Blood sample 24 hours after start of chemotherapy predicts survival
Acute myeloid leukemia is an aggressive blood cancer with poor survival. Younger and otherwise healthy patients undergo severe chemotherapy, often accompanied by stem cell transplant, even though it is difficult to predict who will benefit from the treatment. Now, a simple blood test can measure whether the patient's cancer will respond to chemotherapy. If the chemo has no effect, critical weeks are gained to find the right treatment.
Quickly determining responsiveness
Although high rates of initial chemotherapy response, patients often relapse due to the selection and development of chemotherapy-resistant leukemic cells.
"When treating patients with leukemia, it is challenging to quickly follow whether the patient is responding to therapy or not. The response to therapy is currently measured after weeks to months of treatment, thereby losing important time. This could result in weeks of non-functional and harsh treatment for the patient, and loosing valuable time that could have been used for targeted and functional therapy," Benedicte Sjo Tislevoll explains, PhD candidate at CCBIO and the Department of Clinical Science, UiB, and first author of this study.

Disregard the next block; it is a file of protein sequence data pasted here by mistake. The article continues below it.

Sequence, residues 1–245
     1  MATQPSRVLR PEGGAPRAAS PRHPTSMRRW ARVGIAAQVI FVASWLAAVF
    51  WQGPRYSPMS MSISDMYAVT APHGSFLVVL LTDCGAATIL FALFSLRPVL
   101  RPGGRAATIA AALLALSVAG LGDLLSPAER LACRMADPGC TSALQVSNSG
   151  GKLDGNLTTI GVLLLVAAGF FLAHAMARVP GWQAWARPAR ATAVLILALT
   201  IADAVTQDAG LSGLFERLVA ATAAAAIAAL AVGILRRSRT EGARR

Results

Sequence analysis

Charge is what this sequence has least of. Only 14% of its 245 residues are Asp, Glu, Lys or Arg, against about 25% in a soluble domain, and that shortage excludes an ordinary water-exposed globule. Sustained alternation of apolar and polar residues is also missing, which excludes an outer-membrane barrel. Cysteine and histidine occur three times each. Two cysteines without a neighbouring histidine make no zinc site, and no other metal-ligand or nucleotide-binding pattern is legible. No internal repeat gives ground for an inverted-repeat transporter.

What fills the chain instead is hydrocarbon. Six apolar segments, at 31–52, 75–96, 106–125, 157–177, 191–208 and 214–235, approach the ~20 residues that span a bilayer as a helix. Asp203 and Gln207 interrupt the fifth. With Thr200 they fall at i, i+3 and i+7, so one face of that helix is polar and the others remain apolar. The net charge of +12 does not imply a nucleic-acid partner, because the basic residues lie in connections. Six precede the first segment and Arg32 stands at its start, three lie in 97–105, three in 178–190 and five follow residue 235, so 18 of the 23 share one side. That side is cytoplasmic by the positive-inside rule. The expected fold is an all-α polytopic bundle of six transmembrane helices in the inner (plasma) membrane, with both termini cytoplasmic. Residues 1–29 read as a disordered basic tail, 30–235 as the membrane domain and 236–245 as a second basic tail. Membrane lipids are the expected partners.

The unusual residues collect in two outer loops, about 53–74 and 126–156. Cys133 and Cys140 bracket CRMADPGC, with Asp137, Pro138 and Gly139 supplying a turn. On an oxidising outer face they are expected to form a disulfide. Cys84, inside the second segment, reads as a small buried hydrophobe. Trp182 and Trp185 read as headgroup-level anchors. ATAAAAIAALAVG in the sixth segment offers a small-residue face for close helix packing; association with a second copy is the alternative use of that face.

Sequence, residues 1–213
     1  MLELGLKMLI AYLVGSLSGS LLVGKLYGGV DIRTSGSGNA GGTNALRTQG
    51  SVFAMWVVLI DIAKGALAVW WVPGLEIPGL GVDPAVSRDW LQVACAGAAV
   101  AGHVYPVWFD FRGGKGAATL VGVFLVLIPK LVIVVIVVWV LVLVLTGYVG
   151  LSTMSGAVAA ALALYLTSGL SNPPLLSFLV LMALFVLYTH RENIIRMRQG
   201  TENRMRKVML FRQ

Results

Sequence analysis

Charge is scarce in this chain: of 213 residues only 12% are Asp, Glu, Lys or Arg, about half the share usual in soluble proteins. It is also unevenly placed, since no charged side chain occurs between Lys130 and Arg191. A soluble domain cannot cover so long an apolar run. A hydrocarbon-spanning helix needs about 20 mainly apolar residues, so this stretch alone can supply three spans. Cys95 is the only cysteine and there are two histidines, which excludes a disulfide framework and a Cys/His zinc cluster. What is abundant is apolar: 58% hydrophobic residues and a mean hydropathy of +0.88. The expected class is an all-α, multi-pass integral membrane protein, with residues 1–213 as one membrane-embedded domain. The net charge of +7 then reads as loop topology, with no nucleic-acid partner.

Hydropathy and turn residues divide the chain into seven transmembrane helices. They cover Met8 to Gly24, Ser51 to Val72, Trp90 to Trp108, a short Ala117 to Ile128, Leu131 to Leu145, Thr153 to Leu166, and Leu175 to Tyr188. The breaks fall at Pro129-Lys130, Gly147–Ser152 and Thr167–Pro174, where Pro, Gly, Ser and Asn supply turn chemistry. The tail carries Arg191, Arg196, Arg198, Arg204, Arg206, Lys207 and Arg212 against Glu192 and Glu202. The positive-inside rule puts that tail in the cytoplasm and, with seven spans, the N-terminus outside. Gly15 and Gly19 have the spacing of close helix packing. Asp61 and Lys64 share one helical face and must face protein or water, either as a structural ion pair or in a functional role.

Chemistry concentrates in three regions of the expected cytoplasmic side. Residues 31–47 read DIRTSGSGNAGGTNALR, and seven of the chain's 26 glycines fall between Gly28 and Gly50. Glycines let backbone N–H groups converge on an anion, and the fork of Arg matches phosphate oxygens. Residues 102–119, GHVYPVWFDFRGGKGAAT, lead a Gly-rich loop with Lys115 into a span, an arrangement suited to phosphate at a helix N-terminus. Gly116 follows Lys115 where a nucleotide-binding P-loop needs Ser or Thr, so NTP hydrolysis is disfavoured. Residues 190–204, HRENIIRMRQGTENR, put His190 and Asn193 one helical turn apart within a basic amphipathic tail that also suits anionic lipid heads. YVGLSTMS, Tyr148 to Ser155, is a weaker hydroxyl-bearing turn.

However, an immediate response to chemotherapy can be measured by investigating the functional properties of the leukemic cells. Tislevoll has in her doctoral work been investigating whether measurements during the first 24 hours of chemotherapy can predict the patient's long term response to the treatment. She has been investigating cell signaling proteins in blood samples taken before and 4 and 24 hours after startup of chemotherapy.
More targeted treatment
Tislevoll's work shows that the signal of phosphorylated ERK1\2 increases within the first 24 hours of chemotherapy in patients who have a poor response to chemotherapy.
"We believe that this protein is responsible for the cancer cells’ resistance to chemotherapy and can be used to distinguish responders from non-responders. It can also show us how the cancer cells protect itself against the chemotherapy. This can be an important key in our understanding of cancer, and our aim is to use this information to change treatment early for patients who are not responding to therapy. Hopefully we can use this for several types of leukemia, and also translate the principle to other cancers," Tislevoll concludes.
The research is published in the high impact journal Nature Communications, in the article Early response evaluation by single cell signaling profiling in acute myeloid leukemia. This is paper 1 in Tislevoll's doctorate work. Main supervisor has been Professor Bjørn Tore Gjertsen, and co-supervisor has been researcher Monica Hellesøy.